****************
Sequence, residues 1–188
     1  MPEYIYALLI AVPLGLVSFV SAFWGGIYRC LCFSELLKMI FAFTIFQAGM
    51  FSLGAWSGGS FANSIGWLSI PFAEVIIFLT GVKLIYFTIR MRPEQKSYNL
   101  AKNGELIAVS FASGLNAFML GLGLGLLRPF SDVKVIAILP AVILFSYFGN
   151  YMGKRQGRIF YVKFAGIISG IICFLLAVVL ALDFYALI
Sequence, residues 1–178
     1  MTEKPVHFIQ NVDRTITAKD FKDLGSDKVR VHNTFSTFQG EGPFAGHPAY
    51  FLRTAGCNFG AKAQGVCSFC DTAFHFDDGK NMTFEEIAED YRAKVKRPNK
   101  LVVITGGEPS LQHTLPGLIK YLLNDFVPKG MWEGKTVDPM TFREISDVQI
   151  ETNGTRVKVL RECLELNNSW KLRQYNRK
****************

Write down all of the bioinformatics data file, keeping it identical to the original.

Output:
Sequence, residues 1–188
     1  MPEYIYALLI AVPLGLVSFV SAFWGGIYRC LCFSELLKMI FAFTIFQAGM
    51  FSLGAWSGGS FANSIGWLSI PFAEVIIFLT GVKLIYFTIR MRPEQKSYNL
   101  AKNGELIAVS FASGLNAFML GLGLGLLRPF SDVKVIAILP AVILFSYFGN
   151  YMGKRQGRIF YVKFAGIISG IICFLLAVVL ALDFYALI
Sequence, residues 1–178
     1  MTEKPVHFIQ NVDRTITAKD FKDLGSDKVR VHNTFSTFQG EGPFAGHPAY
    51  FLRTAGCNFG AKAQGVCSFC DTAFHFDDGK NMTFEEIAED YRAKVKRPNK
   101  LVVITGGEPS LQHTLPGLIK YLLNDFVPKG MWEGKTVDPM TFREISDVQI
   151  ETNGTRVKVL RECLELNNSW KLRQYNRK